WARNING: Endometrial Cancer and Cardiovascular Disorders
Osphena is an estrogen agonist/antagonist with tissue selective effects. In the endometrium Osphena has estrogen agonistic effects. There is an increased risk of endometrial cancer in a woman with a uterus who uses unopposed estrogen therapy. Adding a progestin to estrogen therapy has been shown to reduce the risk of endometrial hyperplasia, which may be a precursor to endometrial cancer. Adequate diagnostic measures, including directed or random endometrial sampling when indicated, should be undertaken to rule out malignancy in postmenopausal women with undiagnosed persistent or recurring abnormal genital bleeding.
The Women’s Health Initiative (WHI) estrogen-alone substudy reported an increased risk of stroke and deep vein thrombosis (DVT) in postmenopausal women (50 to 79 years of age) during 7.1 years of treatment with daily oral conjugated estrogens (CE) [0.625 mg], relative to placebo. Osphena 60 mg had thromboembolic and hemorrhagic stroke incidence rates of 0.72 and 1.45 per thousand women vs. 1.04 and 0 per thousand women for placebo and a DVT incidence rate of 1.45 vs. 1.04 per thousand women for placebo. Osphena should be prescribed for the shortest duration consistent with treatment goals and risks for the individual woman.
- Undiagnosed abnormal genital bleeding
- Known or suspected estrogen-dependent neoplasia
- Active deep vein thrombosis (DVT), pulmonary embolism (PE), or a history of these conditions
- Active arterial thromboembolic disease (for example, stroke and myocardial infarction), or a history of these conditions
- Hypersensitivity (for example, angioedema, urticaria, rash, pruritus) to Osphena or any of its ingredients
- Women who are or may become pregnant. Osphena may cause fetal harm when administered to a pregnant woman. Ospemifene was embryo-fetal lethal with labor difficulties and increased pup deaths in rats at doses below clinical exposures, and embryo-fetal lethal in rabbits at 10 times the clinical exposure based on mg/m2. If this drug is used during pregnancy, or if a woman becomes pregnant while taking this drug, she should be apprised of the potential hazard to a fetus.
Warnings and Precautions
In Osphena clinical trials of up to 15 months, the incidence rates compared to placebo for thromboembolic and hemorrhagic stroke were 0.72 Osphena 60 mg vs. 1.04 placebo and 1.45 Osphena 60 mg vs. 0 placebo per thousand women. Should thromboembolic or hemorrhagic stroke occur or be suspected, Osphena should be discontinued immediately. In clinical trials, a single MI occurred in a woman receiving Osphena 60 mg.
Incidence rate of DVT was 1.45 Osphena vs. 1.04 placebo per thousand women. Should a VTE occur or be suspected, Osphena should be discontinued immediately. Osphena should be discontinued at least 4 to 6 weeks before surgery with increased risk of thromboembolism or during periods of prolonged immobilization.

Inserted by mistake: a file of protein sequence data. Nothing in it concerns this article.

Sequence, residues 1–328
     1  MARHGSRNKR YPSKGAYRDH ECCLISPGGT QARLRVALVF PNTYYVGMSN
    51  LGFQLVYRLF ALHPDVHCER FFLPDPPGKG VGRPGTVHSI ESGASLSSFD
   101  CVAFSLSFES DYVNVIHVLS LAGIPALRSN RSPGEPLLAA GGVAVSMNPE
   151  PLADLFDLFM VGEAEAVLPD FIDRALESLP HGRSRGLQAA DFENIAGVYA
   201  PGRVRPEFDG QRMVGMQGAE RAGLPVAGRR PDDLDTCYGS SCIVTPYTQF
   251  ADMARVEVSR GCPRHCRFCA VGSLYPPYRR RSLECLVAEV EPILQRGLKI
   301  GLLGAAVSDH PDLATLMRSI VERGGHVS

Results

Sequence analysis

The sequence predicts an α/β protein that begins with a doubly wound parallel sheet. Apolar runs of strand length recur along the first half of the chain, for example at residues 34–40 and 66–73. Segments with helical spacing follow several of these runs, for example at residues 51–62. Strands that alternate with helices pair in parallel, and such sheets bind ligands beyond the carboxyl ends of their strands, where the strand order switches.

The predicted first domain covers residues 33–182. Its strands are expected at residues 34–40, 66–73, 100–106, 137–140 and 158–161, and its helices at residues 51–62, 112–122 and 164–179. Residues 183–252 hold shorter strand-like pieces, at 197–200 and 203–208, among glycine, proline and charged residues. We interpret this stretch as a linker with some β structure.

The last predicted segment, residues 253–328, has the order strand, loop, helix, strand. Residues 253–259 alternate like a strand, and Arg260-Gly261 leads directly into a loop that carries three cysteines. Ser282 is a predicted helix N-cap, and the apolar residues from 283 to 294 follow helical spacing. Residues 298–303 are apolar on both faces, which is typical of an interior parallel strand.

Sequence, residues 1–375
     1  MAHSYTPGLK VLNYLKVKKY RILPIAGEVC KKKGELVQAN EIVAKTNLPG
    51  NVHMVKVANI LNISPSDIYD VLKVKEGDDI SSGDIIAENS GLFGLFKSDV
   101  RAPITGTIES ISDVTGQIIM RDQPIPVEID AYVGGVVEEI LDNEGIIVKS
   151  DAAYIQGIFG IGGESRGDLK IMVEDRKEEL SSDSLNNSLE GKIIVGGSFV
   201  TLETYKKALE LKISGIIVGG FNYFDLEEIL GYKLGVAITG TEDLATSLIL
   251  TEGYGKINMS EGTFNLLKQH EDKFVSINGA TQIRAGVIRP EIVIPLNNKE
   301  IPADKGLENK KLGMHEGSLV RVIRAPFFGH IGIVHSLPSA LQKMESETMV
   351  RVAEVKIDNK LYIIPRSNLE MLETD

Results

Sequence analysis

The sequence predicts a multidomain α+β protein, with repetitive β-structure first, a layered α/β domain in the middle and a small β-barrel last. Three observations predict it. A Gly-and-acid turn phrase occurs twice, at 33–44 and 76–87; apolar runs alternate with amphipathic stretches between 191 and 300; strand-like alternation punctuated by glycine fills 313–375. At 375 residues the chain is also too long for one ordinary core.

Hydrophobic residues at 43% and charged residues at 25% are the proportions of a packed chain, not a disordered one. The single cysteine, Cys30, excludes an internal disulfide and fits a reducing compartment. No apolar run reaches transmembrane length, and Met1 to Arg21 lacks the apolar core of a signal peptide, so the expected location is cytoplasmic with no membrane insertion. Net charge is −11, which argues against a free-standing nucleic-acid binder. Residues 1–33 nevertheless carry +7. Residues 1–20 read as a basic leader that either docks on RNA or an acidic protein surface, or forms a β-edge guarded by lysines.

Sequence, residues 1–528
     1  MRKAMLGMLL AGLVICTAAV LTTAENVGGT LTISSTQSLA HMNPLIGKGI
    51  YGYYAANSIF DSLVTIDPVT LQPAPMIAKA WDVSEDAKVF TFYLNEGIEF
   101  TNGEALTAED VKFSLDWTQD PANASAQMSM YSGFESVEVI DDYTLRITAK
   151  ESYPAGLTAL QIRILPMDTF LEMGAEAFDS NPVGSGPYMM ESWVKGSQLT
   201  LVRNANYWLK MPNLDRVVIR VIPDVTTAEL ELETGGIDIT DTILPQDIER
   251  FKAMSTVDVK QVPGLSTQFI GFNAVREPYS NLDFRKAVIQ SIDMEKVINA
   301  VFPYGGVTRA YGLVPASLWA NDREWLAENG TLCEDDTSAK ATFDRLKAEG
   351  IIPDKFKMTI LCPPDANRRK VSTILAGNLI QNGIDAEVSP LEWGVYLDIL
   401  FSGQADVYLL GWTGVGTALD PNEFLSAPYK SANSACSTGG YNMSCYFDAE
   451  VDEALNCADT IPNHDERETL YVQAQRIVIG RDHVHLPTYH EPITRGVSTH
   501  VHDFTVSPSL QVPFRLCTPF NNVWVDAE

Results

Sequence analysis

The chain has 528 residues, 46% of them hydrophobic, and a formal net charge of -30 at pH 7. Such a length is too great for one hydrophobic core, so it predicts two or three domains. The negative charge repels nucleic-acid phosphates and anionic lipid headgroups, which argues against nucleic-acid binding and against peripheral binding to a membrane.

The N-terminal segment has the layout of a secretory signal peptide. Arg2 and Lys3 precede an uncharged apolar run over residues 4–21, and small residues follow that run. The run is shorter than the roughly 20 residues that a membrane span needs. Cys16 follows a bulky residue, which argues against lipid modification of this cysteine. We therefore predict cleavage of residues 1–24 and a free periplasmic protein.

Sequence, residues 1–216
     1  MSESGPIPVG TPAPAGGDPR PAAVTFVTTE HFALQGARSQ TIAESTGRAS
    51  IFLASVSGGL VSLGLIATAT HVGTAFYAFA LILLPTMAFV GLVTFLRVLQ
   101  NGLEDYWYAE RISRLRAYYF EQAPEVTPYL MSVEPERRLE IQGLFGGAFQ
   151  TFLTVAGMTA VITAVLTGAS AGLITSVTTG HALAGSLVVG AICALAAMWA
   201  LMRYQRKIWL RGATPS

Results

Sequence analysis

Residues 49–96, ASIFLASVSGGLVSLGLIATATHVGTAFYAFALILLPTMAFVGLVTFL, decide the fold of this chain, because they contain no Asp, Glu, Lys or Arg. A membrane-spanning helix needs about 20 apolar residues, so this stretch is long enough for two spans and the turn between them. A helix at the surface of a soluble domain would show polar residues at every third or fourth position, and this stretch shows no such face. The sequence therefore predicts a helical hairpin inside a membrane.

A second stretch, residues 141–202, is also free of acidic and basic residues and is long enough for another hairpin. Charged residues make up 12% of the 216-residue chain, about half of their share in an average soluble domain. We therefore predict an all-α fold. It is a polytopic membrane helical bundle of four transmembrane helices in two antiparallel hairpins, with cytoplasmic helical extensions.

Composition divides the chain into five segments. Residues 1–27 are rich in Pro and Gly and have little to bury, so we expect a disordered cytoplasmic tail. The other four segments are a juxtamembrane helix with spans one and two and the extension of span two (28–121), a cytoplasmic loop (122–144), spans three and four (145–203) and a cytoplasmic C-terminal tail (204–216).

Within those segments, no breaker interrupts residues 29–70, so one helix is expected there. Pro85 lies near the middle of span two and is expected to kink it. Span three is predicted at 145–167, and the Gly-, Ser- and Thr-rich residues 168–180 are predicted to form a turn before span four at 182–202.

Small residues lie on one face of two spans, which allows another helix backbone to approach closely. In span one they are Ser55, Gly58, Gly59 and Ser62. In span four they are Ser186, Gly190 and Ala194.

There is an increased risk of endometrial cancer in a woman with a uterus who uses unopposed estrogen therapy. The risk appears dependent on duration of treatment and estrogen dose. Adding a progestin to estrogen therapy has been shown to reduce the risk of endometrial hyperplasia, which may be a precursor to endometrial cancer. However, studies suggest a possible increased risk for breast cancer in patients receiving estrogen plus progestin therapy.
Osphena is an estrogen agonist/antagonist with tissue selective effects. In the endometrium, Osphena has agonistic effects. In Osphena clinical trials, no cases of endometrial cancer were seen with exposure up to 52 weeks. There was a single case of simple hyperplasia without atypia. Endometrial thickening equal to 5mm or greater was reported at a rate of 60.1 Osphena vs. 21.2 placebo per 1000 women. Uterine polyps occurred at an incidence of 5.9 Osphena vs. 1.8 placebo per 1000 women, and any type of proliferative endometrium (weakly plus active plus disordered) was 86.1 Osphena vs. 13.3 placebo per 1000 women.
Osphena has not been adequately studied in women with breast cancer; therefore it should not be used in women with known or suspected breast cancer or with a history of breast cancer.
Osphena should not be used in women with severe hepatic impairment as it has not been studied.
In clinical trials the more commonly reported adverse reactions in ≥1 percent of patients treated with Osphena 60 mg compared to placebo were: hot flush (7.5% vs. 2.6%), vaginal discharge (3.8% vs. 0.3%), muscle spasms (3.2% vs. 0.9%), hyperhidrosis (1.6% vs. 0.6%), and genital discharge (1.3% vs. 0.1%).
The following adverse reactions have been identified during post-approval use of ospemifene:
Immune System Disorders: allergic conditions including hypersensitivity, angioedema.
Skin and Subcutaneous Tissue Disorders: rash, rash erythematous, rash generalized, pruritus, urticaria.
Drug interactions: Do not use estrogens or estrogen agonists/antagonists, fluconazole, or rifampin concomitantly with Osphena. Co-administration of Osphena with drugs that inhibit CYP3A4 and CYP2C9 may increase the risk of Osphena-related adverse reactions. Osphena is highly protein bound. Use cautiously with highly protein bound drugs as use with other highly protein-bound drugs may lead to increase exposure of that drug or ospemifene.
Please click for U.S. Full Prescribing Information for Osphena® (ospemifene) tablets, including Boxed Warning, and Patient Information.
Osphena® (ospemifene) is indicated for the treatment of moderate to severe dyspareunia, a symptom of vulvar and vaginal atrophy, due to menopause.